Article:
DR. BETH ANN DROLET • Children’s Hospital of Wisconsin

Last updated on May 13th, 2019 at 02:40 pm

Dr. Beth Ann Drolet of Children’s Hospital of Wisconsin pioneered a new center to research and develop treatment for a fairly common occurrence in babies that can have a deadly outcome if allowed to grow.

A few months after Kayleigh Ali was born, her mother, Nicole, noticed Kayleigh’s stomach seemed enlarged and felt hard to the touch. Kayleigh’s pediatrician repeatedly assured the family that she was fine.

However, in January 2005, an X-ray revealed that the eight- month- old had tumors on her liver.

The rapidly growing tumors were non-cancerous masses of blood vessels, called hemangiomas.
Upon referral to Children’s Hospital, the tumors began to shrink. But within a month, the tumors began growing again.

Drolet and a team of physicians, nurses and surgeons struggled as they attempted to find an effective treatment for Kayleigh.

Then Drolet opted to try a procedure that starves the tumor of blood flow with the intent to kill the cells. The procedure carried a big risk: the liver could sustain damage.

At first, Kayleigh responded well to the starvation and showed signs of improvement, but then her condition worsened. Her enlarged liver began to place pressure on her little lungs. Kayleigh struggled to breathe, and her compromised liver was filling her body with toxins.

Drolet and her team tried everything they could think of. Sadly, Kayleigh died April 27, 2005, shortly before her first birthday. Losing patients is a fact of life for physicians.

“We could not have asked for more compassion,” says Nicole. “She (Drolet) shared so much of herself with us. She was not just our physician; she was someone who really cared for us.”

Vascular anomalies like the one Kayleigh had are largely confusing to the medical community. They look and behave very differently and affect many areas of the body.

Because relatively little research has been done on vascular anomalies, physicians are often uncertain about how to treat the tumors.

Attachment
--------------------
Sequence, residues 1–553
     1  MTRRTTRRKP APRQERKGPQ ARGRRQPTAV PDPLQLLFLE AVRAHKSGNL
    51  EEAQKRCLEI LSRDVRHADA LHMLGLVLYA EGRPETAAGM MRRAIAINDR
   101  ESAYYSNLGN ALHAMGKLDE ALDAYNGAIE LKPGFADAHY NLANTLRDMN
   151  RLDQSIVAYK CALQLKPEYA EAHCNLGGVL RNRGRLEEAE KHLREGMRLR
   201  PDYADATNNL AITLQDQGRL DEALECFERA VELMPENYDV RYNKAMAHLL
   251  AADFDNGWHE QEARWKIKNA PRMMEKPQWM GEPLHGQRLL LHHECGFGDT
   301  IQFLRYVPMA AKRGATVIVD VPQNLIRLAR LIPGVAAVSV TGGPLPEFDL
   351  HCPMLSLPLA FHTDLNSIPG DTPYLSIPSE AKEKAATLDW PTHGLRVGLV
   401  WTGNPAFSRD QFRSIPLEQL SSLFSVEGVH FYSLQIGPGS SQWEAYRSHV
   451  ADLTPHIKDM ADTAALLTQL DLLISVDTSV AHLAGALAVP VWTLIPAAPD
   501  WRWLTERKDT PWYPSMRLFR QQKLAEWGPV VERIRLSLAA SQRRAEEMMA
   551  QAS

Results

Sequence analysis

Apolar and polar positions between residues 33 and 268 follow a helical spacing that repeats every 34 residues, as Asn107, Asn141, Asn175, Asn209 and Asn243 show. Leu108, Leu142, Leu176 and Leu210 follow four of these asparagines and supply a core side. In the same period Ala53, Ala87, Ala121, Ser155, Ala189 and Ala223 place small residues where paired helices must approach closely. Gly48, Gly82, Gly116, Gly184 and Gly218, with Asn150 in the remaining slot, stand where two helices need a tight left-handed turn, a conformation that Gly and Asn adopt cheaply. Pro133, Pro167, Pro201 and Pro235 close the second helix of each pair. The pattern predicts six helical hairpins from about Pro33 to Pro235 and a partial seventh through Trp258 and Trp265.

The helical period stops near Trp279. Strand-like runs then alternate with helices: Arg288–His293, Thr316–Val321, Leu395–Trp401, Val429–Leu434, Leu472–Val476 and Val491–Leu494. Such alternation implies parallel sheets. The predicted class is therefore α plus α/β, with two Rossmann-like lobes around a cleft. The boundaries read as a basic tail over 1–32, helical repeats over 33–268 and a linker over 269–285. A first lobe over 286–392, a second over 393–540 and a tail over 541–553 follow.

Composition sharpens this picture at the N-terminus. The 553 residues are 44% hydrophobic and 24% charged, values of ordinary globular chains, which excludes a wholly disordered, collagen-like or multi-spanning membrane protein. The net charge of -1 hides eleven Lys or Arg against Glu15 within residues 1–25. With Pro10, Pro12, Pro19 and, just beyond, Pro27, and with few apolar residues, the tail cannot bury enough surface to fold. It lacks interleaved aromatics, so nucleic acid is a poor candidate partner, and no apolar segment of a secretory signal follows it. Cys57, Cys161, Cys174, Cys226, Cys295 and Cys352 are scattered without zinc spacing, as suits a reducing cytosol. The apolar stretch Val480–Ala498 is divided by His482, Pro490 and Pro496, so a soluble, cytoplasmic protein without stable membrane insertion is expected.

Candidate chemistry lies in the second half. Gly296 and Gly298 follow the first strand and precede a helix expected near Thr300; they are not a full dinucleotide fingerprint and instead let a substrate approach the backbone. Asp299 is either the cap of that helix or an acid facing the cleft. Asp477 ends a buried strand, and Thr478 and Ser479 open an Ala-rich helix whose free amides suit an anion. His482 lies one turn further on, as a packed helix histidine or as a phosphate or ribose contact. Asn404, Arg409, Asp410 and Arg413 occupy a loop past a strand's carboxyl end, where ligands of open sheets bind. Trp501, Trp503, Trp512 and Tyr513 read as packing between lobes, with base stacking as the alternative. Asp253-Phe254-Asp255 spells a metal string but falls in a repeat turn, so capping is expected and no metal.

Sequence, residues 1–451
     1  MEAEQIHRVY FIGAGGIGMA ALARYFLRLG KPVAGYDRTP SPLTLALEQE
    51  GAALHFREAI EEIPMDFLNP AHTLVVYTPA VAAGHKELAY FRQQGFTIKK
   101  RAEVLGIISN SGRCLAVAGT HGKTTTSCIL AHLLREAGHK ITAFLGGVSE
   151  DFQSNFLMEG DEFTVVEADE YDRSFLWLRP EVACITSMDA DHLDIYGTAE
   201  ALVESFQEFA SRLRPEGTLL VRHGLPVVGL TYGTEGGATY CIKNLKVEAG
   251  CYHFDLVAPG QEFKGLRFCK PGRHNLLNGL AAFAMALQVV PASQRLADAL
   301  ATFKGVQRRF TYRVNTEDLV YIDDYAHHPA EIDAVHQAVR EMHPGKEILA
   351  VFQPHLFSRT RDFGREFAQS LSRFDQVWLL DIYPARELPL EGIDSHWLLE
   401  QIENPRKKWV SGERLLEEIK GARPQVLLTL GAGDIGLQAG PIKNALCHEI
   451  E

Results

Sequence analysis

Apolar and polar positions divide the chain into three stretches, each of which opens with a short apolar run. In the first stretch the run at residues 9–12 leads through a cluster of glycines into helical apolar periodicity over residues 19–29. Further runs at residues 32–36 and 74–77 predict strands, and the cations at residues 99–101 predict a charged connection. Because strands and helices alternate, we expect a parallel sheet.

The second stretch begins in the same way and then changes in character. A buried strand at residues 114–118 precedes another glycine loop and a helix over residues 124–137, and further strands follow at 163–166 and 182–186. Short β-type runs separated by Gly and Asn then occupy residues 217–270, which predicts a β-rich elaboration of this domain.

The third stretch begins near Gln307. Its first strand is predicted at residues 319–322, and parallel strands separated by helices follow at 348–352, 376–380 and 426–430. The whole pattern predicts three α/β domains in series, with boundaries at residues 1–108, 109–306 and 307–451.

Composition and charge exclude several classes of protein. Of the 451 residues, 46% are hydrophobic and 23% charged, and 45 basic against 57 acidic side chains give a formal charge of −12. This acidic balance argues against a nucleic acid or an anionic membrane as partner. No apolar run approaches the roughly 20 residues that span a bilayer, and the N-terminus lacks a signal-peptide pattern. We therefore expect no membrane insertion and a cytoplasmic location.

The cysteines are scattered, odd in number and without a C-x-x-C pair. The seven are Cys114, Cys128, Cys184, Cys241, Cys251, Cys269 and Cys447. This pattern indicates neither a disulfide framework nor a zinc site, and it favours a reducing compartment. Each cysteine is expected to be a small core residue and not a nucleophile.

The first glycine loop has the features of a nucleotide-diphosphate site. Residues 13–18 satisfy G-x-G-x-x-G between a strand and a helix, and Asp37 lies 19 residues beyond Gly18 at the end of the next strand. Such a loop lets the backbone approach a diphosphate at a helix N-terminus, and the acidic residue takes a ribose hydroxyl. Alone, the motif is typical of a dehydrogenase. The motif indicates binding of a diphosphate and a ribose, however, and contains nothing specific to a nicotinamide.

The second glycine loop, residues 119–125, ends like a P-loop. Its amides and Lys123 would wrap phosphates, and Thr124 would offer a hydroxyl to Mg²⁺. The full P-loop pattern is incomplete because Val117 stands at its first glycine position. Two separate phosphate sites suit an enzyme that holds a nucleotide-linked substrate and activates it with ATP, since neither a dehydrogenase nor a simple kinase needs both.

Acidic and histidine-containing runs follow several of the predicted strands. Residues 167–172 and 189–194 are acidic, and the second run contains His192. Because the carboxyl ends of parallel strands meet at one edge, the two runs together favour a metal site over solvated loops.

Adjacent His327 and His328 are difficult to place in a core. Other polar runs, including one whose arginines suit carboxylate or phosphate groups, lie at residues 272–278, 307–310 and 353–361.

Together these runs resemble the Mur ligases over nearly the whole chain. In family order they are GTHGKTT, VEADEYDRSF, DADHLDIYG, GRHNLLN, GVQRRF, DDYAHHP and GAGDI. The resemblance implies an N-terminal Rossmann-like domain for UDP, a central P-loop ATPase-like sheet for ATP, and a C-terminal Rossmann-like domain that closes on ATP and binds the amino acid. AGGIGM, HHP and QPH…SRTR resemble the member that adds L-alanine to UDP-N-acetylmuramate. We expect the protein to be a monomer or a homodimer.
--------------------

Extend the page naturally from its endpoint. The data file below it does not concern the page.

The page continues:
“Nationwide, very few hospitals have programs specifically dedicated to treating these tumors,” says Renee Prink, a spokeswoman for Children’s Hospital who nominated Drolet for a Health Care Heroes Award.

Drolet didn’t stand idly by after Kayleigh’s death. Drolet spearheaded Children’s Hospital’s initiative to establish the Birthmarks and Vascular Anomalies Center, which opened earlier this year. She serves as its
medical director.

“Many of us that are really frustrated in trying to get better answers,” Drolet says. “If you have cancer, you can say this is the best drug and it has an 80 percent survival rate. But we had to tell (Kayleigh’s) parents, ‘We don’t know. Let’s see how she’s doing next week.’ There’s no protocol. We don’t know. We want to do a better job.”

The center is rapidly becoming one of the nation’s leading centers for treating and researching hemangiomas. Seven studies are currently under way, and research has already been published
in medical journals. “The memory of the child she could not save has fueled her passion to help other children, and her tireless work continues to touch many lives,” Prink says.

Kayleigh’s family raised $25,000 to give to the center and sparked a wave of funding for the venture.

“It’s really inspiring to see,” Drolet says.

Beth Ann lectures nationwide to educate primary care physicians about hemangiomas and their potential

A large part of the center’s success was in Children’s Hospital’s initiative to bring Paula North here from Arkansas. North is a leading researcher in hemangiomas. She discovered the origins of the tumors: the cells are almost identical to those in the placenta.

“We have no updated drugs to treat this,” Drolet says. “We use things, but it’s by the seat of our pants. We’re looking at Kayleigh’s genes to see if something made her more susceptible
so we can treat things earlier and get better treatments.”

Through translational research where the clinician and researcher work together, transferring information from the bedside to the desk and back again, Drolet and North look forward to making big strides in their knowledge and treatment of hemangiomas.

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